- Fruits: apples, berries (other), peaches
- Crop Production: nutrient cycling, organic fertilizers
- Education and Training: technical assistance, focus group, networking, participatory research
- Farm Business Management: new enterprise development, budgets/cost and returns
- Pest Management: biological control, botanical pesticides, cultural control, integrated pest management, mating disruption, physical control, traps, mulching - vegetative, weed ecology
- Production Systems: transitioning to organic, agroecosystems
- Soil Management: nutrient mineralization, organic matter, soil quality/health
- Sustainable Communities: public participation
Organic production in the Southern region lags behind organic production in other regions of the country. This is due to reasons such as the hot and humid climatic conditions which increase disease pressures and insect pests. There are also few organized research and outreach programs offered by the university community in the Southern region to investigate and convey results of organic research and to teach organic methods to producers. Organic fruit growers indicated through a series of surveys the need for science-based, proven method for production and that adequate research and extension information for organic fruit production was a limiting challenge to growers.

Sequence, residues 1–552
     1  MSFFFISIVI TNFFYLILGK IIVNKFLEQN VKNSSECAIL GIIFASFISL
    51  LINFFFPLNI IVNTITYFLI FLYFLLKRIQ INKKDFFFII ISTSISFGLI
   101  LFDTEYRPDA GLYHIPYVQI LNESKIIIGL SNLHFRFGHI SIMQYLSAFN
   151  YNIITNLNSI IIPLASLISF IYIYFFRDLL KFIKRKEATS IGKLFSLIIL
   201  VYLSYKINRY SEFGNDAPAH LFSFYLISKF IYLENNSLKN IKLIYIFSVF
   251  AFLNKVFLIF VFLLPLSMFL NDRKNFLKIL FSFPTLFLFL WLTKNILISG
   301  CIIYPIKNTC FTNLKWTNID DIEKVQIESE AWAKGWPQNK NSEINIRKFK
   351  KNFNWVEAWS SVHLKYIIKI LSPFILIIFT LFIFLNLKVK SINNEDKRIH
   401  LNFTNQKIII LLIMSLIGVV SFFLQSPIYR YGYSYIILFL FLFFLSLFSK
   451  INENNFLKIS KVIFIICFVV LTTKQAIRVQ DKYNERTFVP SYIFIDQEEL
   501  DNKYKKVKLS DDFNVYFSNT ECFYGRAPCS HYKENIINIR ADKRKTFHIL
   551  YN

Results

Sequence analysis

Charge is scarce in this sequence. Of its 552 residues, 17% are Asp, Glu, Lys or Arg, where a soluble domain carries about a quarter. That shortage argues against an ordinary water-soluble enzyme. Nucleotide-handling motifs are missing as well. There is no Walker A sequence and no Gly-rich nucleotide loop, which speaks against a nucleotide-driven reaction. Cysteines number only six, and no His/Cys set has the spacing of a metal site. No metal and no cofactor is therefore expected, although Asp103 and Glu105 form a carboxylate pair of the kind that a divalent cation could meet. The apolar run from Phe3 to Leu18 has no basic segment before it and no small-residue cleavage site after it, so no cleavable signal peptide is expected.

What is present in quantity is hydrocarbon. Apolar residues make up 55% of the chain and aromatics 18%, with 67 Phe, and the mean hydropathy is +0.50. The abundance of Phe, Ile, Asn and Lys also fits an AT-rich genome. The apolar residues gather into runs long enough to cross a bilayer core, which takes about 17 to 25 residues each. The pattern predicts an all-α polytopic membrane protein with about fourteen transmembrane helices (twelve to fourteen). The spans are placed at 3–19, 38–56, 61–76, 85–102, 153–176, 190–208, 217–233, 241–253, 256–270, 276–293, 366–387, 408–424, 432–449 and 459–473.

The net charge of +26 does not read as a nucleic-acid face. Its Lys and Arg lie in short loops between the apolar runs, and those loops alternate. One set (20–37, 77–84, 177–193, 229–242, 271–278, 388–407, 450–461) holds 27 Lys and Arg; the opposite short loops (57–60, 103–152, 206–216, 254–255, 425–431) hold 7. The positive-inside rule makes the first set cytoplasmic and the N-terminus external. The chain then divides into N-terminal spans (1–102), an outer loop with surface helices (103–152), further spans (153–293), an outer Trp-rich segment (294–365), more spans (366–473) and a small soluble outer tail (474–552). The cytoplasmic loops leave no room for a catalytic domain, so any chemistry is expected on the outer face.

Because of the challenges producers face, and the need for increased involvement of the Universities in organic production, a Southern Region Organic Fruit Working Group of scientists, extension specialists, growers, and representatives of industry and marketing organizations was created to conduct in-state focus groups and a region-wide Working Group meetings. These state and regional meetings identified barriers to production and marketing, and opportunities for organic fruit in the region. The outcome of the in-state focus groups and the regional Working Group has resulted in collaborative relationships, identification of challenges, benefits and potential projects, enumerated goals which we can accomplish as a group, and the development of full proposals to be submitted to SARE and the USDA-CSREES Integrated Organic Program. Through these activities, we will sustain and expand organic fruit production in the southern region.
- The objectives of this planning grant were to:
1) Develop a Southern Region Organic Fruit Research Working Group to:
a. Assess the state of organic fruit production in the South;
b. Conduct focus groups in each state that identify interests, obstacles and management issues in organic production, marketing and information needs;
c. Develop innovative partnerships of research, extension, industry, fruit growers and local farmers’ markets;
d. Develop an organic fruit research initiative to investigate and develop new organic management techniques.
2) Develop research proposals based upon research priorities determined in Objective 1 and submit to appropriate agencies and foundations, in order to develop an Organic Crop Management Plan to support and develop organic fruit production systems in the Southern Region